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PS5 & Xbox Series X Have A Big HDMI 2.1 Communication Problem

To be able to view the PlayStation 5 and Xbox Series X's in the best graphical capabilities you will require an 8K TV to connect the HDMI 2.1 output from either model or a compatible HDMI 2.1 TV, which could cause some major confusion.

Xbox Series X Specification (as known)CPU: 8x Zen 2 Cores at 3.8GHz (3.6GHz with SMT) 7nm

GPU: 12 TFLOPs, 52 CUs at 1.825GHz, Custom RDNA 2

Memory: 16GB GDDR6

Storage: 1TB custom NVMe SSD

Optical drive: 4K UHD Blu-ray

Ports: HDMI 2.1 output, 3x USB 3.2, RJ45 Networking port, expanded storage slot, power input

120 fps support

Potential 8K resolutions

Ray-tracing technology

Variable Rate Shading for more stable frame rates

Compatible with Xbox One accessories

Smart Delivery


Sony and Microsoft are taking drastically different approaches to their next-gen console releases, but both the PlayStation 5 and Xbox Series X rely on one piece of technology to get the most out of their hardware's upgraded graphical power: HDMI 2.1. What might seem like a slight change from current-gen HDMI 2.0b actually makes a big difference for PS5 and Xbox Series X, and HDMI 2.1 is bound to cause confusion among consumers about what they need to make next-gen count.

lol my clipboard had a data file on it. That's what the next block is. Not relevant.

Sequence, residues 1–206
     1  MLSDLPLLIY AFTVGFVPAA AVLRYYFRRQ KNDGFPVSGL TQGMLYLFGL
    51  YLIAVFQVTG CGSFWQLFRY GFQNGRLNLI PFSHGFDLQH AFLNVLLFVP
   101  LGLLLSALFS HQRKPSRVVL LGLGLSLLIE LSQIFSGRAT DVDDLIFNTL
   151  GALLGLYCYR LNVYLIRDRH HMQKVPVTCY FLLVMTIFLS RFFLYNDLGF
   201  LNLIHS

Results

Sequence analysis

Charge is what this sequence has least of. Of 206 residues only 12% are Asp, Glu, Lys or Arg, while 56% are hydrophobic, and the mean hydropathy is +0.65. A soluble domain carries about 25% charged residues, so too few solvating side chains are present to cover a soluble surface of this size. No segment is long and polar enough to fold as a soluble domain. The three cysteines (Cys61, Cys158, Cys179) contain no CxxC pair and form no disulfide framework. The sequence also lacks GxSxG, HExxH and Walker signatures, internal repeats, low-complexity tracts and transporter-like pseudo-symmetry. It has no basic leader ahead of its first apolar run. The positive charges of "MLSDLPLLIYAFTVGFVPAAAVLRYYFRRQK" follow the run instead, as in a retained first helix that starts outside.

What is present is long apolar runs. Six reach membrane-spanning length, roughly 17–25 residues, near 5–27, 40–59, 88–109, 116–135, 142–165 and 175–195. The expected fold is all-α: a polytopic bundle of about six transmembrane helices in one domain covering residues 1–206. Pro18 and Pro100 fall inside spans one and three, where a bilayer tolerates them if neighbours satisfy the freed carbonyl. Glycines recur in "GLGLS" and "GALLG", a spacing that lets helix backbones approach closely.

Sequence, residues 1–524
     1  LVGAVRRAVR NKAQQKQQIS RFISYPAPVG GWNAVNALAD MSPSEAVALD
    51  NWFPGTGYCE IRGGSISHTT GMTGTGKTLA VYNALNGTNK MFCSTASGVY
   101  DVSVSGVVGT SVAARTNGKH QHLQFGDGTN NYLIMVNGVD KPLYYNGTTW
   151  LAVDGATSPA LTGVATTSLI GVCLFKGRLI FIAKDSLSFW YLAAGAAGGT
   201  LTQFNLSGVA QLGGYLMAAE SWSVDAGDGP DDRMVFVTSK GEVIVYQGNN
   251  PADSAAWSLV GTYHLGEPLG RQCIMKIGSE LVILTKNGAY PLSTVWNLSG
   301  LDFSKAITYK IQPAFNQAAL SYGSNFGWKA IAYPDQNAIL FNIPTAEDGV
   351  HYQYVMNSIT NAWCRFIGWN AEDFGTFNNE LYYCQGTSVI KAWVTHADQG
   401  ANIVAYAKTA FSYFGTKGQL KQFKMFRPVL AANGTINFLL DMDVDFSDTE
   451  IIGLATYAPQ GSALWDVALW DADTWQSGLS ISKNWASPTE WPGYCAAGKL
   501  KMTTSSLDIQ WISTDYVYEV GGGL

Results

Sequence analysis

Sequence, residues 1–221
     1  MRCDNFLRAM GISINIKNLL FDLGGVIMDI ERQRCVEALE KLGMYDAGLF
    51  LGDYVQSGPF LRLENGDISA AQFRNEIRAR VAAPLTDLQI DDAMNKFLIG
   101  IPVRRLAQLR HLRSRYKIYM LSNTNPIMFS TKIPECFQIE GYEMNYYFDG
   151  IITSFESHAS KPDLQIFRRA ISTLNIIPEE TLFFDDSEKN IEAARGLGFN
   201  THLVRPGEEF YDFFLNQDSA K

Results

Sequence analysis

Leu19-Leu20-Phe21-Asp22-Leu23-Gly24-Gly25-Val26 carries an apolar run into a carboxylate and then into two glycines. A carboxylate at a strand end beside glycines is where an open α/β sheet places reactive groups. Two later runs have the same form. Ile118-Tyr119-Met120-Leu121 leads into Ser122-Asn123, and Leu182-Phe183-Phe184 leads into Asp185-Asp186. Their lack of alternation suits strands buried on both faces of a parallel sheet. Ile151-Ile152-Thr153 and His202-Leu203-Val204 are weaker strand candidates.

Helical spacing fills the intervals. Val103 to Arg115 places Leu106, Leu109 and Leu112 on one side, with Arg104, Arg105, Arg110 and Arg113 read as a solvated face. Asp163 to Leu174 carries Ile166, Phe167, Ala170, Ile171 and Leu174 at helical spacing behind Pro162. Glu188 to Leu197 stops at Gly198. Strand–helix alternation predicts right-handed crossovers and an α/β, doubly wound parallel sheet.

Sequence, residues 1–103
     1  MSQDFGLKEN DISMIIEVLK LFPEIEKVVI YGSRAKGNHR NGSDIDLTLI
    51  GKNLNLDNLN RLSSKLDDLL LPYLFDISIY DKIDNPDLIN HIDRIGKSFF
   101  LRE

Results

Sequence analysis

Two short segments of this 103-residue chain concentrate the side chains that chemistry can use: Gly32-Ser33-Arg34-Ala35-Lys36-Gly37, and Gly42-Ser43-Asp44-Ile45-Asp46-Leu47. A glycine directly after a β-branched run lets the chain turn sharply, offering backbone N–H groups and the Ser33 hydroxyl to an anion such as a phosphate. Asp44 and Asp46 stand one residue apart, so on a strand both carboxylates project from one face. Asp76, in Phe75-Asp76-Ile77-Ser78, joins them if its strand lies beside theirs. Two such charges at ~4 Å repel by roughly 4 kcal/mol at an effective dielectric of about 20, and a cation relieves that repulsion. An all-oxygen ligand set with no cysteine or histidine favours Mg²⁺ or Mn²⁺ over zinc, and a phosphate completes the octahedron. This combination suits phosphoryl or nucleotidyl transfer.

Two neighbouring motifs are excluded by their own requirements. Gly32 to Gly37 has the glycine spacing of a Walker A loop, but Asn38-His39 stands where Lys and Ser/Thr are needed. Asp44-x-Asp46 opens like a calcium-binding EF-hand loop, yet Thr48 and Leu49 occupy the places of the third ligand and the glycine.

Sony finally revealed the PS5's specs in a recent presentation, following a long period of relative silence from the company. Microsoft, on the other hand, has continually revealed gameplay, tech demos, and other information on the Xbox Series X - including a full reveal of the console's physical appearance, which Sony has yet to do. Sony's reasons for not showing the PS5 are logical, however. It has a clear advantage over Microsoft, with the PS4 outselling the Xbox One by a wide margin. But given the recent reveal of its console's specs, Sony might finally be gearing up to give PlayStation fans a closer look at the new system.

Along with all those newly revealed hardware details, both Microsoft and Sony confirmed their new consoles will support HDMI 2.1. This new technology requires a set of compatible TVs, consoles, and connecting cables in order to fully experience the potential of next-gen gaming graphics, and the subtle differences between compatible products and non-compatible ones could lead to frustration among buyers.

Why PS5 & Xbox Series X's HDMI 2.1 Could Cause Problems

Both new consoles support 4K resolution at 120 FPS, 8K resolution at 60 FPS, and variable refresh rate ("VRR," which can help prevent issues like screen-tearing and input lag), but all of these features require both a compatible TV and video output cable (HDMI 2.1). The increased gigabit-per-second rate of HDMI 2.1 over HDMI 2.0b allows it to deliver 4K120 and 8K60 from the console to the TV, but that doesn't mean anyone who plugs an HDMI 2.1 cable into their TV will experience these benefits.

Only select TVs support HDMI 2.1 (which happens to look nearly identical to HDMI 2.0b). Not all TVs with HDMI 2.1 ports actually support features like VRR and auto low-latency mode. Making matters worse, even if a certain TV says it supports VRR, that could mean it supports the full 120 FPS next-gen consoles allow, or it supports only up to 60 FPS. It's easy to imagine a scenario where an unaware gamer walks into an electronics store and remembers Sony telling them the PS5 can output 4K120 with VRR, but then ends up coming home with a TV that can't actually take full advantage of that.

The Latest Playstation 5 requires an HDMI 2.1 connecting cable to an 8K TV/Monitor